5. 5. ECE 579S - September 2010 Figure 1 - The Multics Multi-User Architecture 1965 The first wide area network is created between MIT and SDC (System Development Corporation) in Santa Monica is created using dedicated telephone lines and acoustic couplers. From this point on, the computer network of ARPANET continues to expand. Common use of computers in Institutions is to have local networks with multiple terminals, after the first WAN is demonstrated, it is not long before additional locations are added to ARPANET. Rassner, Kumar, Espinal Page 5
  6. 6. ECE 579S - September 2010 Figure 2 - ARPANET in 1970 1970 The first version of UNIX, a scaled down and more efficient version of Multics, is released. 1972-1976 UNIX is released in C, making it usable across many different hardware platforms, and adopted by many universities and research institutions. The built in remote user support directly contributes to advancements in networking development. The Ethernet and TCP/IP protocols are accepted and incorporated into UNIX. 1981 IBM launches the PC, with the MS DOS operating system, making low cost computers available to the general public. 1986 The UNIX based Mach kernel is released. Mach consolidates the varied extensions of UNIX into an architecture specifically designed to be a distributed operating environment. The Mach kernel is still used today in Apple products. Rassner, Kumar, Espinal Page 6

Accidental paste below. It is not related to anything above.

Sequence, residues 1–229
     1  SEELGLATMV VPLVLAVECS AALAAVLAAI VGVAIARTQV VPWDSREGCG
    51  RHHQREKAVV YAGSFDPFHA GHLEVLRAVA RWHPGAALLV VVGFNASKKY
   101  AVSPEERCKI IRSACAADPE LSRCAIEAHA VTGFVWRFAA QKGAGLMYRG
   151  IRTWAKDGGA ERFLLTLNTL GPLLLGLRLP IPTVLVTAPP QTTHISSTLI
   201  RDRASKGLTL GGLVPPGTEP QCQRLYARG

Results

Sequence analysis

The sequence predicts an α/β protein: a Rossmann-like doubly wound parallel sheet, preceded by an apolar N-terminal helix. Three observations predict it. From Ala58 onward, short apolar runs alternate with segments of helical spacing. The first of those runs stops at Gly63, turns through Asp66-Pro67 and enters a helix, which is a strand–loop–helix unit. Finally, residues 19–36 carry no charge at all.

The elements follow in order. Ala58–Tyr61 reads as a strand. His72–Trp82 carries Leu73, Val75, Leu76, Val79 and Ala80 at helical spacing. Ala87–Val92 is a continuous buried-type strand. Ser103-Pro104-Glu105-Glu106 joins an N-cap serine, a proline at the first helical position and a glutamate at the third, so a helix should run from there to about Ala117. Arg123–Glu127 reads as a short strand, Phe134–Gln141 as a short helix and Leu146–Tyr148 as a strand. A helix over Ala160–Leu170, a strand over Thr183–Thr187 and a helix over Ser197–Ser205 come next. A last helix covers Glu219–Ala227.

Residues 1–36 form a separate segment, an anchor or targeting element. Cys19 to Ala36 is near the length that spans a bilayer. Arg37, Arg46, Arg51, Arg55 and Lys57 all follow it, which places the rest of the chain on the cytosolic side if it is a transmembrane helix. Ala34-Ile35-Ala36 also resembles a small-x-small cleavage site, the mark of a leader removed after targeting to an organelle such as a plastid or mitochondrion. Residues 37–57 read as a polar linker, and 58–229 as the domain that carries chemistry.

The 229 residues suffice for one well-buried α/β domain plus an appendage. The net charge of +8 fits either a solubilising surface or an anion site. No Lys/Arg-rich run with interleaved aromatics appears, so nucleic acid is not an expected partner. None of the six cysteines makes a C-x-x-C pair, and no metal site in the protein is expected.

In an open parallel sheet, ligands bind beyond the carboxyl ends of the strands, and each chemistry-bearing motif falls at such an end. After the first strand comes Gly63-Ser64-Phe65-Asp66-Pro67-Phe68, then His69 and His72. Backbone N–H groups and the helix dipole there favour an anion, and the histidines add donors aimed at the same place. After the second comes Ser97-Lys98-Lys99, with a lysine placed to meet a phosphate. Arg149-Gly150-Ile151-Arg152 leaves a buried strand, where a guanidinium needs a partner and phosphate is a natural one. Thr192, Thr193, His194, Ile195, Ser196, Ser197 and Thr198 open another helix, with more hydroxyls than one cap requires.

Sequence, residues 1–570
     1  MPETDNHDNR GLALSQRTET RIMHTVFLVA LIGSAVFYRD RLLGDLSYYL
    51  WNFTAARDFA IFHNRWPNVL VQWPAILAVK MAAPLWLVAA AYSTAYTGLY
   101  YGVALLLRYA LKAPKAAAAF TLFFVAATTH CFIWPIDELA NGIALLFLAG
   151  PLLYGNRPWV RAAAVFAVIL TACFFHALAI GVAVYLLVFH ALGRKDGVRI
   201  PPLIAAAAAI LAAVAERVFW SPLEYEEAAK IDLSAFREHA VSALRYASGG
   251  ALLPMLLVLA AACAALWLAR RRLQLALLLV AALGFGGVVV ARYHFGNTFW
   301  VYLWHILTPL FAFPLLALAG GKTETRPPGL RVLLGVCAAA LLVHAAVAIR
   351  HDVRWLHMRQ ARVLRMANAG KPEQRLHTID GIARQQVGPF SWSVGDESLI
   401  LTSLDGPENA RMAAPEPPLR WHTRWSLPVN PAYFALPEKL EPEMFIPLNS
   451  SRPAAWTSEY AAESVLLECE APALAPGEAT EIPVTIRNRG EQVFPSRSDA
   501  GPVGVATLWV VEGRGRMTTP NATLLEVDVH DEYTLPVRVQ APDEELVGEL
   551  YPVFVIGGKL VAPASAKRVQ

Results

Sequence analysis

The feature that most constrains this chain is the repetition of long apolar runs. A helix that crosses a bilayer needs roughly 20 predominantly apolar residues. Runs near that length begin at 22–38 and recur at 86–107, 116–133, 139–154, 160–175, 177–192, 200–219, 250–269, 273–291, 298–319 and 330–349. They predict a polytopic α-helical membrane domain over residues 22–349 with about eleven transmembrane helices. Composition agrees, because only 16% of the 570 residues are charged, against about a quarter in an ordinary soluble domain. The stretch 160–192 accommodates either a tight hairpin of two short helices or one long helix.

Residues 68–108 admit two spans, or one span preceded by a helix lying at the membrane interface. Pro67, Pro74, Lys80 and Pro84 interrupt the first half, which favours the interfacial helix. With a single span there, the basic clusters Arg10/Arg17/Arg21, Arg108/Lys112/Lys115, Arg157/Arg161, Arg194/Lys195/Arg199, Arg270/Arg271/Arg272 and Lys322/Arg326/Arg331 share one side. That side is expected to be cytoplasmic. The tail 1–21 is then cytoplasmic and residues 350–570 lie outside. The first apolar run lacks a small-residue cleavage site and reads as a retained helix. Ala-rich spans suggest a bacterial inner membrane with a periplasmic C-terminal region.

7. 7. ECE 579S - September 2010 Figure 3 - The Distributed Operating System, Mach 1987 The first T1 backbone installations begin. Implementing DoD security into operating systems becomes a serious topic of discussion and development. 1988 The first commercial traffic is passed on the Internet. SDOS (Secure Distributed Operating System) is proposed as a solution to implement DoD security across an open, unsecured network. 1989 Http is invented in Switzerland, creating a method to distribute information across the network that is machine independent. 1992 Mosaic, the first web browser and precursor to Netscape, is released and the WWW explosion begins. 1998 NSA recognizes shortcomings in available secure operating systems and sponsors a project with the University of Utah to develop a modern and flexible distributed system architecture that could support the stringent information security requirements of the Department of Defense. 1999 NSA introduces the Flask (Flux Advanced Security Kernel) architecture, which becomes the foundation of security in Linux and accepted as the industry standard for security. Rassner, Kumar, Espinal Page 7